Golf course openings in the United States remain at historically low levels, according to a new report by the National Golf Foundation. Measured in 18-hole equivalents, the NGF said that only 13.5 courses opened in 2012, while 154.5 courses closed. A total of 68 percent of those closures came among lower-priced public facilities, which continues a trend that has run throughout the economic downturn.
How do you get your motor running for a big golf tournament? Well, this week some PGA Tour players did it by, literally, getting their motors running.
On Tuesday, Ian Poulter – well known as one of golf's greatest motorheads – hosted several of his colleagues at the Palm Beach International Raceway. At the small track near West Palm Beach, Poulter arranged for Ferrari USA to provide a stable of ''prancing horses'' for the players to test out.
Serena Williams spent part of her Friday at the Honda Classic, where she followed Tiger Woods for a little bit. The tennis superstar – who lives near PGA National, where the tournament is being played – wanted to take a photo of Woods with her cell phone, but an ever-vigilant marshal caught her in the act.
A new discovery of an old grave could become the latest tourist attraction at the home of golf.
That's what several golfing groups in Scotland hope, anyway.
Arnaud Massy – who made history as the first non-Briton to win the British Open back in 1906 – was buried in the Newington Cemetery in Edinburgh, Scotland, after his death in 1950. But no one seemed to remember that fact for 63 years, until his unkempt grave was recently rediscovered.
The recovery of the golf economy, like the recovery of the economy in general, is happening in fits and starts, and accelerating in some places more than others. One area where golf seems to be bouncing back better than most is Dallas-Fort Worth.
PGA Tour Commissioner Tim Finchem provoked quite a bit of reaction on Sunday when he announced that the tour might not go along with the ban on anchored putting strokes being advocated by the USGA and R&A.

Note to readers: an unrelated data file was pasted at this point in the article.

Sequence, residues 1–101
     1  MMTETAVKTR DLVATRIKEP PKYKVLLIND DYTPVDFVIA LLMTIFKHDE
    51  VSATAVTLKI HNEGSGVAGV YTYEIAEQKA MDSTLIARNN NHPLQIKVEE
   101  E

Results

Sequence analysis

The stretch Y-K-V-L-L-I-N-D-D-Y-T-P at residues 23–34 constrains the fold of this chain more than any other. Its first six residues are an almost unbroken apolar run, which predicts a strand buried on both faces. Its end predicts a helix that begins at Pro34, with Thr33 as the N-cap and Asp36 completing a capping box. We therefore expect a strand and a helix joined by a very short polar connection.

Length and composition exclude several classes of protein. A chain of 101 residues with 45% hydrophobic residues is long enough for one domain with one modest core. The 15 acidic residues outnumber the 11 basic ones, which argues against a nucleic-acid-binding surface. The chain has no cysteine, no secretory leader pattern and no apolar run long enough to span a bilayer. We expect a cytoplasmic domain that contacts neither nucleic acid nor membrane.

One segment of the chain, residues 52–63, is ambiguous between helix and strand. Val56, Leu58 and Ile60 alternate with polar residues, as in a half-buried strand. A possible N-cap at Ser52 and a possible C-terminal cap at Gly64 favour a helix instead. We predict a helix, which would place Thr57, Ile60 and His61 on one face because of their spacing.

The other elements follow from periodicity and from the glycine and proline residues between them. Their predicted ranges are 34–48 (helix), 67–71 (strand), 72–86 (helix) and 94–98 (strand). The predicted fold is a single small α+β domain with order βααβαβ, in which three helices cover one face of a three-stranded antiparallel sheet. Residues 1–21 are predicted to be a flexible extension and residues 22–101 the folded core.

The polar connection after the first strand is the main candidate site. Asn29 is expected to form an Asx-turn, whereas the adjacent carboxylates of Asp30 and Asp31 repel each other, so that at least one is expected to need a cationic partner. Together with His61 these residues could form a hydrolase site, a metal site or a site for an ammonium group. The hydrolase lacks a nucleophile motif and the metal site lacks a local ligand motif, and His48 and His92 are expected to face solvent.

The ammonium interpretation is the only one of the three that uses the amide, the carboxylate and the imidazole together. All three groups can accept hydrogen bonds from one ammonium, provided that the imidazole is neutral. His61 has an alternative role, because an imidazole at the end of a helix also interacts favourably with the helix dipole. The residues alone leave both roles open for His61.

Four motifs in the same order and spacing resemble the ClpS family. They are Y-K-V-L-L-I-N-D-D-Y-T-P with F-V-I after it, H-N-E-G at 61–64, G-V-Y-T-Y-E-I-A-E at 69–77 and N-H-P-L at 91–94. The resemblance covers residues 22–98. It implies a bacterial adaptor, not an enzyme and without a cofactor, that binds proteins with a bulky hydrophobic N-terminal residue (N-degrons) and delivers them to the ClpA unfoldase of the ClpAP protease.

European Tour stalwart Colin Montgomerie was "positively aghast" at the idea that the PGA Tour might ignore the proposed anchor ban, according to the PA Sport newswire in England.
Of the three new sets of 588 Cleveland irons, the 588 Tour Trajectory (TT) irons are the most ambitious. Like the MT (Mid Trajectory) models, the TT irons are named after the flight pattern they produce – a lower, more piercing trajectory preferred by better players.
The 588 TT irons feature a constant clubface height throughout the set, but have a progressive face length to promote more forgiveness in the long irons and a more penetrating, controlled trajectory in the short irons. The 588 TTs also have forged clubfaces to enhance feel and ball speed.
Who says golfers can't multi-task? Despite being halfway around the world for the Honda LPGA Thailand, several of the LPGA Tour's finest have been keeping up with the happenings leading up to the Daytona 500.
When it came to creating a set of irons to round out its new line of AMP Cell drivers, fairway clubs and hybrids, Cobra didn't hesitate to go bold. So, when choosing a set of AMP Cell irons, golfers can pick from four different accent shades, allowing them to color-match them with other AMP Cell clubs or create a personally mixed set. For traditionalists, silver irons are the stock option, while the other choices are the Vibrant Orange, Directoire Blue and Barbados Red that are also available in the AMP Cell drivers, fairways and hybrids.